Multi-disciplinary industrial monitoring to enhance the new multi-sector era

May 2014

The 19th century was the industrialization era. The 20th century has been the raise of the technological era. Now, at the beginning of the 21st century, administrations, businesses and people are more and more focused on getting into integrated networks, both in cultural, social, economic, and political ways.
We are right into the integrated communications era. Communications is the ability to connect different items (people, devices, processes, etc) to form an integrated source of information exchange, which can be applied to engage in a global solution. On the raise of this new era, large and small companies are getting engaged to establish enormous multi-sector projects that enable to target diverse markets and business: there is no future for narrow-niched companies, as they will just get absorbed by a global world that chases integrated solutions.
The age of specialized projects focusing only on energy, or civil infrastructures, or environment is coming to an end. Every day we see more and more how large companies engage in multi-sector projects: construction companies adding value to their proposal integrating wildlife protection measures, oil & gas companies that move beyond the oilfields to build their own infrastructures for autonomous inter-territorial transport and take care of potential environmental issues, and so on.
Following this trend (and also more strict laws), most modern projects require multi-disciplinary monitoring to keep track on real-time of everything directly or indirectly related that may have any cause or consequence in their design, development, construction and operational phases. Thus, in the communications integrated era in which we are drifting, the new projects of the globalized multi-sector business require of multi-parameter and multi-approach monitoring solutions that enable to respond to all demands of our globalization.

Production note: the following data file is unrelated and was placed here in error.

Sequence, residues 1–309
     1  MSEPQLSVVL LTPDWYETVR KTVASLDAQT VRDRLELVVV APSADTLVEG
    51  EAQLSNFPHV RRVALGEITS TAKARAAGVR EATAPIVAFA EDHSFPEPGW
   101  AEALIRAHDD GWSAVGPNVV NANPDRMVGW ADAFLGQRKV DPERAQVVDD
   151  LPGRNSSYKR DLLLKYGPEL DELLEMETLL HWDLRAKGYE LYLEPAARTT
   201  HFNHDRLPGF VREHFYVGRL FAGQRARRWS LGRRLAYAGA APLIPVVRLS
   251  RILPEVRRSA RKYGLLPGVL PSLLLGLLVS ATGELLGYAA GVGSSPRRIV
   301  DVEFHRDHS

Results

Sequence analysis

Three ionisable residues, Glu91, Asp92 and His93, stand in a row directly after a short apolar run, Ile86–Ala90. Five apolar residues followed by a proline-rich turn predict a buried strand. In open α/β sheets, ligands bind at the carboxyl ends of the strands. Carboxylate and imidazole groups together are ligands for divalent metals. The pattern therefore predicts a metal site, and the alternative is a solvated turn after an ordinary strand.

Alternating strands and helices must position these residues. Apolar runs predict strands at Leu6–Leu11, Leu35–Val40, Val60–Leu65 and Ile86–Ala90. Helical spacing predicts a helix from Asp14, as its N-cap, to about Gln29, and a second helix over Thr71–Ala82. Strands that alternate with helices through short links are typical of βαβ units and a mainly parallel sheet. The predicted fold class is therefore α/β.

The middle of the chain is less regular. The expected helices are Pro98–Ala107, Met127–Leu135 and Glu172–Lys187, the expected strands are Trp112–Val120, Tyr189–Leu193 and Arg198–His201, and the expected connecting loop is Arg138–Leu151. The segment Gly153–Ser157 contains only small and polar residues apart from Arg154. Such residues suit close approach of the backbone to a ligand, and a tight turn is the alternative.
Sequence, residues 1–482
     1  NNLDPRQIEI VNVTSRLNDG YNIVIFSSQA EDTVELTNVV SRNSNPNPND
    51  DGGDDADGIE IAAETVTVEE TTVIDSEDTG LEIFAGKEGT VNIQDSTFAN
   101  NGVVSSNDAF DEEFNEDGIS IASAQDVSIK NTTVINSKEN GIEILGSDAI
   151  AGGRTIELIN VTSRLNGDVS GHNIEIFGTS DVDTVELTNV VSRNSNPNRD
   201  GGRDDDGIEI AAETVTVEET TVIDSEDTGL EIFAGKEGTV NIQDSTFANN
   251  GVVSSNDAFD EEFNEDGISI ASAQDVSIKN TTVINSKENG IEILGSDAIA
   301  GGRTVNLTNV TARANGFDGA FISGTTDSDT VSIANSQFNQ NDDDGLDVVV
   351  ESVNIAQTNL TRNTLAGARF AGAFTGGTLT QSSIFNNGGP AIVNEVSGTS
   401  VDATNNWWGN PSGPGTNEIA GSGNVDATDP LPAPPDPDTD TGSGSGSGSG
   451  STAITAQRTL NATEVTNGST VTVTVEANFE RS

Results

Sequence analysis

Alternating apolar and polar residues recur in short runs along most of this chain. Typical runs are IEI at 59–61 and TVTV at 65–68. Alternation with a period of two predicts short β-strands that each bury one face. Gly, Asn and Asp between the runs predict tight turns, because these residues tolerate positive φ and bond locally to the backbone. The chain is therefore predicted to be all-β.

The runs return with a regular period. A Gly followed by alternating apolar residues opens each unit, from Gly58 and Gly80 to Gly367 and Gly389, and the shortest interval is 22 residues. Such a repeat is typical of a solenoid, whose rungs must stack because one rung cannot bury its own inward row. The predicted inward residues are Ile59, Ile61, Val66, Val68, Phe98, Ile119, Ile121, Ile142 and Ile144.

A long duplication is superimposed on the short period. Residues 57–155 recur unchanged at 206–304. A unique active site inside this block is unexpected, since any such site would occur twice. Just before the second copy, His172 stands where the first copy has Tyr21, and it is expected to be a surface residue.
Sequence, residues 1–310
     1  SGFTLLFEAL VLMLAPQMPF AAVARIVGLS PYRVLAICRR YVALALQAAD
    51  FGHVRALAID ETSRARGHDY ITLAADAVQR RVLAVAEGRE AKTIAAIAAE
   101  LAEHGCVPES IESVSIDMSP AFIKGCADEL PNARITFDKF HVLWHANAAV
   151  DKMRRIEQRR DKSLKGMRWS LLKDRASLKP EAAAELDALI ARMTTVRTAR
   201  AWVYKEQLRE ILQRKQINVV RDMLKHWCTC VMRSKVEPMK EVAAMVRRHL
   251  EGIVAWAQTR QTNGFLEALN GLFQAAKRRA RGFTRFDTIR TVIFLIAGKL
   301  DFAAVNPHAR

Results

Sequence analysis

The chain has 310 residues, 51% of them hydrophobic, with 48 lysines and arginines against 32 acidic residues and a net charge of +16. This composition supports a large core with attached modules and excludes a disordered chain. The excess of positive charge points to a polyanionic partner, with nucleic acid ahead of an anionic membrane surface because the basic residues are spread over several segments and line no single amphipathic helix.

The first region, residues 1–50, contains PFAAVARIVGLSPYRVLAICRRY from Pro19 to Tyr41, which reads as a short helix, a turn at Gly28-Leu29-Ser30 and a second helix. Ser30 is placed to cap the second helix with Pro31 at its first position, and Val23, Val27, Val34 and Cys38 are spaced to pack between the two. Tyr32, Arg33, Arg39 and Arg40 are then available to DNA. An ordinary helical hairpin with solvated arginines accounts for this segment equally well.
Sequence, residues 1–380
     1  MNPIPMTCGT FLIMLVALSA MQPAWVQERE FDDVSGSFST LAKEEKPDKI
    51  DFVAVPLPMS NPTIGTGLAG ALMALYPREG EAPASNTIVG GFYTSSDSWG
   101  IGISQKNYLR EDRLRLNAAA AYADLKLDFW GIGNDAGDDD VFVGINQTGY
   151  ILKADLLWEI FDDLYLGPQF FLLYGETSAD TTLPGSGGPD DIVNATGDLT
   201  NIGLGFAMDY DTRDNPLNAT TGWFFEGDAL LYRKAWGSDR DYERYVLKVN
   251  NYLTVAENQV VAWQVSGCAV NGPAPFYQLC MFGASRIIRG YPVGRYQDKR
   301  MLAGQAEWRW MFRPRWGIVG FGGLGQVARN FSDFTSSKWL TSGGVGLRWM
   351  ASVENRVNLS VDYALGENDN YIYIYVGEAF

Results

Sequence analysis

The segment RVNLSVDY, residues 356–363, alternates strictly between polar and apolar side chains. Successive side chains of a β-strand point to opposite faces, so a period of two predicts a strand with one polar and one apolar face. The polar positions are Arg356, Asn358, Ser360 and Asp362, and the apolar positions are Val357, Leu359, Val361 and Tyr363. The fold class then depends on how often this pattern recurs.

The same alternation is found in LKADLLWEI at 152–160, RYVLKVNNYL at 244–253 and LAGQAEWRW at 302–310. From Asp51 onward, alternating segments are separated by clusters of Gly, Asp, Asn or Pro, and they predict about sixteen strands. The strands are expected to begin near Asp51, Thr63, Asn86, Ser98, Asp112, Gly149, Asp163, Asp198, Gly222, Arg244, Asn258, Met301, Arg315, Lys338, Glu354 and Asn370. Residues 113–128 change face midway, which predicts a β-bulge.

Therefore, these solutions must provide data from all fields: a civil engineering project needs as much of structural data as of geotechnical data and environmental data.
What sense does it make to monitor a ground settlement if this data is not related to environmental and weather data? Another example: in order to be efficient and regulation-compliant (and to enter the digital era), most oilfields require data from all kinds of parameters: geotechnical (to control ground and surrounding areas), environmental (to detect potential risks and/or causes of instability), industrial (to track and optimize production), geophysical (to explore further development in existing or new areas), structural (to prevent aging infrastructures of potential collapse), chemical (to analyze fluid evolution or gas leakages), among others.
In this sense, sensing networks that enable customers to encompass their multi-disciplinary necessities to cover inter-related parameters are no longer a commodity, but a requested necessity. And the data which is being captured by these sensors in the field is being administered in quickly growing horizontal platforms which are able to display, analyze and control the industrial applications.
In the integrated communications era, only the companies prepared for multi-sector projects (by means of their own capacities or strong partnership collaboration) will be prepared to face multi-disciplinary projects in order to get the business ready for the immediate and near-future global necessities.

About Worldsensing

Worldsensing is a global IoT pioneer. Founded in 2008, the industrial monitoring expert works with over 270 engineering partners in more than 60 countries to deploy critical infrastructure monitoring solutions in mining, construction, rail and structural health.

Worldsensing has more than 80 employees and offices in Barcelona, London, Los Angeles and Singapore and investors include Cisco Systems, Mitsui & Co, McRock Capital and ETF Partners, among others.

Press contact:
Jennifer Harth
press@worldsensing.com

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